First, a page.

American TV presenter Emily Compagno has received criticism for a comment she made on the rights of pregnant women in Kenya.
US TV presenter sparks uproar after remark on pregnant women in Kenya
The presenter claimed that pregnant women in Kenya are denied the right to vote
Compagno was speaking on a recent show on Fox News where she claimed that in Kenya, pregnant women cannot go out, depriving them of the right to vote.
She compared voting rights in Kenya and the US alleging: “What about in Kenya where pregnant women can’t leave the house so they have absolutely no constructive right to vote?"
Her remarks sparked uproar on social media, with many Kenyans accusing her of being ignorant of the advancement of women's rights in Kenya.
“What is this? What is Emily Compagno saying? That in Kenya pregnant women can’t leave the house so they have no right to vote? What does she imagine our country is like? That statement is incorrect, misleading, and condescending and should be withdrawn,” said Pauline Njoroge, a popular Azimio La Umoja campaigner.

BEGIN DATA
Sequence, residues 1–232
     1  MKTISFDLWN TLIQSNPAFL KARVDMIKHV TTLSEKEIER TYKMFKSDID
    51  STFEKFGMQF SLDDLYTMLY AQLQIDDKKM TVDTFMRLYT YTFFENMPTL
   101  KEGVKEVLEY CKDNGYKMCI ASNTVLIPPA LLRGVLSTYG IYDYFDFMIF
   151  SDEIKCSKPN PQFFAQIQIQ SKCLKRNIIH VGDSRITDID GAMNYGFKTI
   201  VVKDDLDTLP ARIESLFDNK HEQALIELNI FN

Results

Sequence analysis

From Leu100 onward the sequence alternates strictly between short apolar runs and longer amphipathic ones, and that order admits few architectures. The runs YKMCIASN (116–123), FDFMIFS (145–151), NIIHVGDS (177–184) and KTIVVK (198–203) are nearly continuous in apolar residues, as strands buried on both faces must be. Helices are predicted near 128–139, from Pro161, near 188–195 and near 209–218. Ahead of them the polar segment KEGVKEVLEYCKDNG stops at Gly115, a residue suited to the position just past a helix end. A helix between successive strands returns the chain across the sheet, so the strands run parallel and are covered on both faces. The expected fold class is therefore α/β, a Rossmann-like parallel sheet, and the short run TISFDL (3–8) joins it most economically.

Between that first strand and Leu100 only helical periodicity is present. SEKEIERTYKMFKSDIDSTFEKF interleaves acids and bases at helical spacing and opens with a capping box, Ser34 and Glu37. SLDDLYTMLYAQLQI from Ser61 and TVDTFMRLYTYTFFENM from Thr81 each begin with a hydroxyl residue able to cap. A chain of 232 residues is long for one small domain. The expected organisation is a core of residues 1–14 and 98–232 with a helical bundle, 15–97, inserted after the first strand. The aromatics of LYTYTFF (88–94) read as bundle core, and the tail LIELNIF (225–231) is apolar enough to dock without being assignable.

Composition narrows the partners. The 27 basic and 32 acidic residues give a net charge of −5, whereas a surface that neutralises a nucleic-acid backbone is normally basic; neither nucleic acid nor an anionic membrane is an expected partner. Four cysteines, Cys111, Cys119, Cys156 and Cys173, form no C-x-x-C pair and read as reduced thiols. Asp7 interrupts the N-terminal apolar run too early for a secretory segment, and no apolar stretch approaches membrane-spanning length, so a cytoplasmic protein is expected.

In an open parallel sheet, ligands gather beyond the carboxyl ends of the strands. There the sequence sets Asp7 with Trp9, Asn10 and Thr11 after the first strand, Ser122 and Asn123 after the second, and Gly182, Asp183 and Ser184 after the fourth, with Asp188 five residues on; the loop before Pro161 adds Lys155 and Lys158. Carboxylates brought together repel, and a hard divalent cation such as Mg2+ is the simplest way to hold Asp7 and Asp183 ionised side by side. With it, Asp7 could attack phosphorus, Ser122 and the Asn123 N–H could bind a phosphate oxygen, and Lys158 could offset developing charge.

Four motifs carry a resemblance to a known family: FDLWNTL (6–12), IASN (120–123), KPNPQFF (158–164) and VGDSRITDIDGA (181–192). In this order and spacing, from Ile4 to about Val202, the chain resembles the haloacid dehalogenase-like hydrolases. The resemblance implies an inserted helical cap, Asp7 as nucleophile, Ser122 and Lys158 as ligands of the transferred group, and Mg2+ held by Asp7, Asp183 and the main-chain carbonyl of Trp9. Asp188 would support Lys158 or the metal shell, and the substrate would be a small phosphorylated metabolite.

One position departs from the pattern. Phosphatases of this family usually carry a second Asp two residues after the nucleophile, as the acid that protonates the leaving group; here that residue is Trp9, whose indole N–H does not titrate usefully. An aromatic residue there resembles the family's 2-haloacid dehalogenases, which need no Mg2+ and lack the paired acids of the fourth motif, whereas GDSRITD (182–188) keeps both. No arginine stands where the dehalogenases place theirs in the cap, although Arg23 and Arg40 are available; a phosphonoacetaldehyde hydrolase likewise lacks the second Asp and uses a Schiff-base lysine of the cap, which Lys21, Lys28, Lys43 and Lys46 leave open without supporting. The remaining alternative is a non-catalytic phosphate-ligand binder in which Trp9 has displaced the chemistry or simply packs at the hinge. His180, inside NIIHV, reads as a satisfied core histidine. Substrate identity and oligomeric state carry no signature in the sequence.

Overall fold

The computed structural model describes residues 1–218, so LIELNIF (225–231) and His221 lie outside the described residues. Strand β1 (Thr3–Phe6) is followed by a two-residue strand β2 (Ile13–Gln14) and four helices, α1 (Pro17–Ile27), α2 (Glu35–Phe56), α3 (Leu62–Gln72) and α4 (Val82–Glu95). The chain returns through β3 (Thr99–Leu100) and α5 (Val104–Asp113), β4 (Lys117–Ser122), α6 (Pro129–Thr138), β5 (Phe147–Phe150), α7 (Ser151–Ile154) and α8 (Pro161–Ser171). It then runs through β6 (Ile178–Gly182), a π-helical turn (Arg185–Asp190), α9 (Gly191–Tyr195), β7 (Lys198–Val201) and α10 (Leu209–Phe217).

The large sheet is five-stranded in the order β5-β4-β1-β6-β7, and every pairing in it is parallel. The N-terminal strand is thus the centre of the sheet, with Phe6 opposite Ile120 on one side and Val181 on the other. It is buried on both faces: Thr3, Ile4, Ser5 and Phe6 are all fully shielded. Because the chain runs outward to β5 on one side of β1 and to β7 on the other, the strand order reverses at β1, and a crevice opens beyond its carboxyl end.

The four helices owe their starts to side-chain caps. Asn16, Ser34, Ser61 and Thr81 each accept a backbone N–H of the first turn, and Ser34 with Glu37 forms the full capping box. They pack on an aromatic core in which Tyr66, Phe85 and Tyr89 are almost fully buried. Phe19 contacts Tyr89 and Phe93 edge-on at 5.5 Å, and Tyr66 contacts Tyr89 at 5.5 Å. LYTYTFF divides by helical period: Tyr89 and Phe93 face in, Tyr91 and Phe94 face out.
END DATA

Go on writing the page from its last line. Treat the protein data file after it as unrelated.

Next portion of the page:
Nairobi Woman Representative Esther Passaris corrected the Fox News presenter, explaining that in terms of voting rights, expectant women in Kenya are given first priority on voting queues.
“Pregnant women in Kenya are allowed to leave the house. Pregnant women in Kenya can vote. Pregnant women get priority on voting lines. Pregnant women do give birth free of charge under the government Linda Mama program. Retract your statement,” Passaris said.
Interestingly, a number of women in Kenya have delivered children at polling stations while waiting to vote.
In 2017, one Pauline Chemanang was helped to deliver her baby by voters at a polling station in West Pokot.
"Now I am happy because I have given birth and I have voted. Having given birth at a polling station is a blessing to me and I thank God,” she said at the time after naming the child Chepkura.
Some of the challenges that may hinder the participation of women in the voting process include insecurity associated with elections, faith in the electoral process, and apathy.
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